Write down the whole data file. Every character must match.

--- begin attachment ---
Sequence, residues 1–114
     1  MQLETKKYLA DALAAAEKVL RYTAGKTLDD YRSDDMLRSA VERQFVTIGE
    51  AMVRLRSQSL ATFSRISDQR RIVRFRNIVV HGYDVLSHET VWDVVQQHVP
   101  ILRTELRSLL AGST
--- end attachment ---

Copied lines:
Sequence, residues 1–114
     1  MQLETKKYLA DALAAAEKVL RYTAGKTLDD YRSDDMLRSA VERQFVTIGE
    51  AMVRLRSQSL ATFSRISDQR RIVRFRNIVV HGYDVLSHET VWDVVQQHVP
   101  ILRTELRSLL AGST